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Issue 30, 2018
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Segregation of polymers under cylindrical confinement: effects of polymer topology and crowding

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Abstract

Monte Carlo computer simulations are used to study the segregation behaviour of two polymers under cylindrical confinement. Using a multiple-histogram method, the conformational free energy, F, of the polymers was measured as a function of the centre-of-mass separation distance, λ. We examined the scaling of the free energy functions with the polymer length, the length and diameter of the confining cylinder, the polymer topology (i.e. linear vs. ring polymers), and the packing fraction and size of mobile crowding agents. In the absence of crowders, the observed scaling of F(λ) is similar to that predicted using a simple model employing the de Gennes blob model and the approximation that the free energy of overlapping chains in a tube is equal to that of two isolated chains each in a tube of half the cross-sectional area. Simulations were used to test the latter approximation and reveal that it yields poor quantitative predictions. This, along with generic finite-size effects, likely gives rise to the discrepancies between the predicted and measured values of scaling exponents for F(λ). For segregation in the presence of crowding agents, the free energy barrier generally decreases with increasing crowder packing fraction, thus reducing the entropic forces driving segregation. However, for fixed packing fraction, the barrier increases as the crowder/monomer size ratio decreases.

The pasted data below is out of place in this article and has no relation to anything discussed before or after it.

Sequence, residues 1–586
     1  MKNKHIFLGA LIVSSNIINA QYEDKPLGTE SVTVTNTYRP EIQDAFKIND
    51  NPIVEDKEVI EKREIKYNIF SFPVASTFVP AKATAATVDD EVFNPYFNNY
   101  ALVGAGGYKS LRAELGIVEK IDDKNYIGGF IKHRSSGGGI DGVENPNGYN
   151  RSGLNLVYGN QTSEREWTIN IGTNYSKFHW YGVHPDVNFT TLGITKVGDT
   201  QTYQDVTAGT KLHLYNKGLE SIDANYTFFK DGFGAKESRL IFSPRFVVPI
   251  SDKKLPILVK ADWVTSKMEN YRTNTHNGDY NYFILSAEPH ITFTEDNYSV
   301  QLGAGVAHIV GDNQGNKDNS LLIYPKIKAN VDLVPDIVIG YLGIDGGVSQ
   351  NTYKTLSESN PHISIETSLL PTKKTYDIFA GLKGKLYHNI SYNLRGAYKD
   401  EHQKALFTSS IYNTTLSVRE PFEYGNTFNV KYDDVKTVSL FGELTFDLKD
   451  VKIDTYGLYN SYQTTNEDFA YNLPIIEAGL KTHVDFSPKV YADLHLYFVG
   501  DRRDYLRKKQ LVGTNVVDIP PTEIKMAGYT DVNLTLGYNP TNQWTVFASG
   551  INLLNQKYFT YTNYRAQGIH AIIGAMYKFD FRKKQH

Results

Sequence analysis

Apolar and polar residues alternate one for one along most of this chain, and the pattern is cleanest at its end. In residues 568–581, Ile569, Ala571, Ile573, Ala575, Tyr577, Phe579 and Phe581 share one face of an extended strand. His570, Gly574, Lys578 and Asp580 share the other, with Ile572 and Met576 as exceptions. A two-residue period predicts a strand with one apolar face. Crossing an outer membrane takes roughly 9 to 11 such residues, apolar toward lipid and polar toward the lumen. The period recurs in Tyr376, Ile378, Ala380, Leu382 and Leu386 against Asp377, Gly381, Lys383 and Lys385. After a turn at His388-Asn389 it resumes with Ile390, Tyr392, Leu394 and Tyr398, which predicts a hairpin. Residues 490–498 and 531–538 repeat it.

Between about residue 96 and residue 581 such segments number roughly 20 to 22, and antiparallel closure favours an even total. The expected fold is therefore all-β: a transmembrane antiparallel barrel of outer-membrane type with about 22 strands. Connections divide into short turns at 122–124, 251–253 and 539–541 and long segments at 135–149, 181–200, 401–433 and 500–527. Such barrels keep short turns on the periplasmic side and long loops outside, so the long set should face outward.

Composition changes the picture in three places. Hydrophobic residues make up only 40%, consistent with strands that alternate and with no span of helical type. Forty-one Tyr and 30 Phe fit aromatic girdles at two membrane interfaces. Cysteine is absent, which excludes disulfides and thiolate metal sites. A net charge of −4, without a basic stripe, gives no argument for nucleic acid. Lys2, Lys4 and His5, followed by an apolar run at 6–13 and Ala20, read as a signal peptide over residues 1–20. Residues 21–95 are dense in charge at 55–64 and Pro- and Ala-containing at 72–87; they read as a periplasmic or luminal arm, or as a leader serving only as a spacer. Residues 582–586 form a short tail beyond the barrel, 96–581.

Graphical abstract: Segregation of polymers under cylindrical confinement: effects of polymer topology and crowding

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Publication details

The article was received on 23 May 2018, accepted on 13 Jul 2018 and first published on 16 Jul 2018


Article type: Paper
DOI: 10.1039/C8SM01062E
Citation: Soft Matter, 2018,14, 6360-6373
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    Segregation of polymers under cylindrical confinement: effects of polymer topology and crowding

    J. M. Polson and D. R.-M. Kerry, Soft Matter, 2018, 14, 6360
    DOI: 10.1039/C8SM01062E

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